Last night (January 8) saw Canadian director Sarah Polley (pictured) scooping the Toronto Film Critics Association’s highest honor, with her non-fiction debut, Stories We Tell, picking up the Best Canadian Film Award.
In addition to winning the gong – Stories beat Denis Côté’s Bestiaire and Michael Dowse’s Goon to take the CAD$100,000 prize – Polley also picked up the TFCA’s 2012 Allan King Documentary Award, capping a rollercoaster few months for the filmmaker.
Stories We Tell enjoyed its world premiere at the Venice Film Festival last fall, with its North American premiere following at TIFF in Toronto shortly afterwards.
But the autumn launches belie the film’s long birth – details for the project were first unveiled back in 2008, when it was named as one of the recipients of the inaugural CFC/NFB Feature Documentary Program, and the film has taken more than four years to come to screen.
The doc explores the director’s complicated family history via the relationship between her mother and father. Blending recreations, old Super-8 footage, interviews and other innovative techniques, Polley creates an intimate and intriguing feature that examines the nature of family narratives, as well as her own.
Talking to realscreen last night at the TFCA’s awards gala at The Carlu in Toronto, the 34-year-old discussed the challenges of making the film.
Stories We Tell was in development for a long time. Did it change a lot structurally over the years?
It did change a lot. I worked really closely with my editor Mike Munn and we were in the editing room on and off together for years. I think we really crafted together what the film was going to be out of the footage we were getting.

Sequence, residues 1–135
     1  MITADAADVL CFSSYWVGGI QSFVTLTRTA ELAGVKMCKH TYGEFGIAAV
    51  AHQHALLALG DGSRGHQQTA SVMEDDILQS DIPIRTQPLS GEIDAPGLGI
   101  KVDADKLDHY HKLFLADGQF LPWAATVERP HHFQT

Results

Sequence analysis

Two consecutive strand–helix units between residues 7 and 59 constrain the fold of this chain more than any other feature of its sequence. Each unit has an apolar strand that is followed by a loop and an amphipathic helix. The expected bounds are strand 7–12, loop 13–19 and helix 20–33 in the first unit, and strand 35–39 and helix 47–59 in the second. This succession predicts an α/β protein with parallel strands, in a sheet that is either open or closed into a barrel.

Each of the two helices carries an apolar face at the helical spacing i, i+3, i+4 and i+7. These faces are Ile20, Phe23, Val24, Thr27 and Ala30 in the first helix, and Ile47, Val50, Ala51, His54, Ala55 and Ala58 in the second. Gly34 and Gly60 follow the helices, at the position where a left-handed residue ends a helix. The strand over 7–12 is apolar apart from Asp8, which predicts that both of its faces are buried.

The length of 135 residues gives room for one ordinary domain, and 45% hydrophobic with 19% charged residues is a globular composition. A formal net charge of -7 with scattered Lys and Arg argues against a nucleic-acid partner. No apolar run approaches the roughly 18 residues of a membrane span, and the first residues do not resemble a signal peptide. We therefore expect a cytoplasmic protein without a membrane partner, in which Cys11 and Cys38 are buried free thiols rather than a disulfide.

As we learned new things and got new footage it would slightly shift it and the structure would change – the structure itself was very complicated, so figuring that out specifically took a lot of time.
It’s a very personal documentary, and during its festival launch last fall you spoke of the difficulty of discussing it. Do you feel more comfortable now talking about the film?
I do. It’s still always an odd thing to talk about issues that are so personal, but I’m finding that what people are responding to are the more universal themes in it: their own family histories, and talking about themselves.
So in a way it’s become easier than I thought it was going to be to talk about, because we’re talking about the nature of storytelling, how you remember things in a family, and how you create a narrative out of your life, which are things that are interesting to talk about generally and in terms of other people’s lives, not just my own.
Given the success of this inaugural venture, do you feel that you would do further non-fiction films or docs?
I’m certainly a much bigger fan of documentary than I am of fiction film, and I always have been. I can sit through any documentary and be completely riveted, whereas my attention span for bad fictional feature films is very low. So I feel like I’ve always wanted to make a documentary.
I’d love to make more, but I think I’d have to find something I felt like I could explore well, and that I would be the right person to make the film. But also that I could do ethically – that, for me, is the biggest obstacle to making documentaries – to make sure that I’m treating subjects with a sense of ethics and humanity, which I think is a really, really hard balance to find.
How does it feel to get such recognition from the TFCA for your first non-fiction film?
It feels amazing – I just never imagined this film would have much of a life, to be honest, and it felt like something I really needed and wanted to do for myself and believed in.
But it also felt like a big break from my career and from the things I probably ‘should be doing.’ So to have this kind of recognition for this film specifically has really meant the world to me.